a1 Department of Statistics & Insurance Science, University of Piraeus, Greece
The present study aims at modelling the effects of maternal socio-demographic characteristics on the birth weight distribution in Greece. The analysis is based on nationwide vital registration micro-data; 103,266 single live births recorded in 2006 are considered. Quantile regression models, allowing for the effects of covariates to vary across the conditional distribution of the dependent variable, birth weight, are applied to preterm and term births separately. The statistical analysis shows that the effects of most factors differentiate across the birth weight distributions. Ordinary Least Squares (OLS) coefficients, on the other hand, systematically underestimate effects at the lower tail and overestimate effects among heavier babies. Hence, quantile regression has a strong advantage over the OLS method. The findings also indicate that birth weight distributions of term and preterm infants are distinct and should be analysed separately. For both distributions female sex, primiparity, age of mother over 35 and prior history of stillbirths and child deaths are related to lower birth weight while higher educational attainment has a protective effect. Among term births, illegitimacy, living in big metropolitan areas and immigrant status of the mother are also significant predictors. For preterm births the impact of age of mother, parity and, in particular, prior stillbirths or deceased children is very pronounced.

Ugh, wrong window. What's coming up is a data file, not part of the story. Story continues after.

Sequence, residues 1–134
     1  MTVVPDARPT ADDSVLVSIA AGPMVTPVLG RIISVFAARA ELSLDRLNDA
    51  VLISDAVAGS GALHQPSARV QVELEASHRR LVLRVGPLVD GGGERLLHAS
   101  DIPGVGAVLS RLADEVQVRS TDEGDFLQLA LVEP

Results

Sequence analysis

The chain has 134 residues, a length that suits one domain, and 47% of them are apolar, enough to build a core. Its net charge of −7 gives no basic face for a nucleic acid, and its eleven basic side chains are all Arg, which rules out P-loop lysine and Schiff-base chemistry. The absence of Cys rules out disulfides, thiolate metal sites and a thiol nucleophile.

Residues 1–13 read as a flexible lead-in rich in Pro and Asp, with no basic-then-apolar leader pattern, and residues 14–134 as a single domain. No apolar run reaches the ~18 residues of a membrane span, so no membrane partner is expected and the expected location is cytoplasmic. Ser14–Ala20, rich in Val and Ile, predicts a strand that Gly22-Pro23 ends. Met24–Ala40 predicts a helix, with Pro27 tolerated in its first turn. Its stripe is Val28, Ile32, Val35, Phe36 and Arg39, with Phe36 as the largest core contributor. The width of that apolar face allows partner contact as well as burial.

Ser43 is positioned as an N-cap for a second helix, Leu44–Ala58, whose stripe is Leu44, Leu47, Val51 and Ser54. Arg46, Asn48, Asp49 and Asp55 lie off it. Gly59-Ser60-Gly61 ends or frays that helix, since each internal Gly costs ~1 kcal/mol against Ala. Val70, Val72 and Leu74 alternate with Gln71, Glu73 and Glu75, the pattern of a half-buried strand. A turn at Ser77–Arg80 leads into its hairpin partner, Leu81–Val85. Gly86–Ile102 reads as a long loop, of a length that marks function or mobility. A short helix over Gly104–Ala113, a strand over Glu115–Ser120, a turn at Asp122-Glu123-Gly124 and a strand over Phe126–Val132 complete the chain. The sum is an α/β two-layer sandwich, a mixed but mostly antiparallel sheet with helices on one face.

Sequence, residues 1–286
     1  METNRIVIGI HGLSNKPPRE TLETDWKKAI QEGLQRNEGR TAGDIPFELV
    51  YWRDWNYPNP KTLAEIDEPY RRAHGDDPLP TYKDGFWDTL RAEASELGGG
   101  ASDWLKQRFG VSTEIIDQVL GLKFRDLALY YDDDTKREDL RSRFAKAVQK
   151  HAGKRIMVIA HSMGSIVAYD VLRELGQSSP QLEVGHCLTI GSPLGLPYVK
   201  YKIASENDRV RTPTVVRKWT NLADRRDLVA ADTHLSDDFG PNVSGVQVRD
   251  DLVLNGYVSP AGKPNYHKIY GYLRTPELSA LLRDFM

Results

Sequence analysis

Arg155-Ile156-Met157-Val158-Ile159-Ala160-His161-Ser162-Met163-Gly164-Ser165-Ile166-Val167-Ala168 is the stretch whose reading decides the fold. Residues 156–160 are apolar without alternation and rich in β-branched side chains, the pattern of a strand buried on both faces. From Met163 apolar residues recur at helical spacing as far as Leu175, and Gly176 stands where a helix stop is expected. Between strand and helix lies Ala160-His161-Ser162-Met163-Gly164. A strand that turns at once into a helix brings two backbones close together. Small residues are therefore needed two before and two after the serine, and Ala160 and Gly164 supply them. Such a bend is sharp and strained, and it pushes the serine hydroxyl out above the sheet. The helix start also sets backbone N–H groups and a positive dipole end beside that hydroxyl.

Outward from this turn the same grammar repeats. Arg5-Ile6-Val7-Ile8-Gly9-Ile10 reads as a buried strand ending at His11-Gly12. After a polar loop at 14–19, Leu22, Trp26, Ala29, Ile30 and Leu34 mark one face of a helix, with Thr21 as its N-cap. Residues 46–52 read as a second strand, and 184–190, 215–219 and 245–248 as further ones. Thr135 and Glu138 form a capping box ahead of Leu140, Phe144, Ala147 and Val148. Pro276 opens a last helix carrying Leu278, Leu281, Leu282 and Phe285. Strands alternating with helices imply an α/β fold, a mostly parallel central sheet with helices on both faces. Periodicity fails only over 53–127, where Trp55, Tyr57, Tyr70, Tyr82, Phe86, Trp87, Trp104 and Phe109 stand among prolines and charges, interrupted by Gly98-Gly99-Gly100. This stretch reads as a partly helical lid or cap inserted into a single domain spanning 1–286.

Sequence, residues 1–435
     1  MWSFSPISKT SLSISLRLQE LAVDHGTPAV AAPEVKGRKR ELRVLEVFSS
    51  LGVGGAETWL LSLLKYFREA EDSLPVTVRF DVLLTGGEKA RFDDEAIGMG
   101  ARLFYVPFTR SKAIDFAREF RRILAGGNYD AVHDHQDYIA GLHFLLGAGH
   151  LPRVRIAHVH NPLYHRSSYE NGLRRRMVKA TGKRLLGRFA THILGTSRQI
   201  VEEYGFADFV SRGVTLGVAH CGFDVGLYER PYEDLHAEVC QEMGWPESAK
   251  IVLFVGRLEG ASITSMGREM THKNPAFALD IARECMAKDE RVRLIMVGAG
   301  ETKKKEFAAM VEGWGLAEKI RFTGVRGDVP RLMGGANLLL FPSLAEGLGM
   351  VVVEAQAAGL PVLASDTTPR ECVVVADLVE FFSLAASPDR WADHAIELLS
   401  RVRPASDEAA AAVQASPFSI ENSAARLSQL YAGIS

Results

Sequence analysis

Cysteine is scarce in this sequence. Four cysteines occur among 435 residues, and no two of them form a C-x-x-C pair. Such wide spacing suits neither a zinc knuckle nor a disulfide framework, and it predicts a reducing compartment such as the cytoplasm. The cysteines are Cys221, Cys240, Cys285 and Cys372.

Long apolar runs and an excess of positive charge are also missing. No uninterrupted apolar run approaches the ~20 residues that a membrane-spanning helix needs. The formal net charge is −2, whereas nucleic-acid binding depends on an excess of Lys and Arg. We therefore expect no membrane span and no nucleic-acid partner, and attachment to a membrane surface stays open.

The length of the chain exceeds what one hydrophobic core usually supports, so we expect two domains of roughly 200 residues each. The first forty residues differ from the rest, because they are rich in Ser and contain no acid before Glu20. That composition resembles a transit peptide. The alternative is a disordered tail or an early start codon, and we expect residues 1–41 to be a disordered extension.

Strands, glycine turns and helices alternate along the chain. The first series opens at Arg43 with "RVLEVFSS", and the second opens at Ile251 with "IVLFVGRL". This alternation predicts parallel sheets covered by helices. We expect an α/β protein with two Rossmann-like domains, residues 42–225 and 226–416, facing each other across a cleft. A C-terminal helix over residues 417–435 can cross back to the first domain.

(Online publication August 02 2012)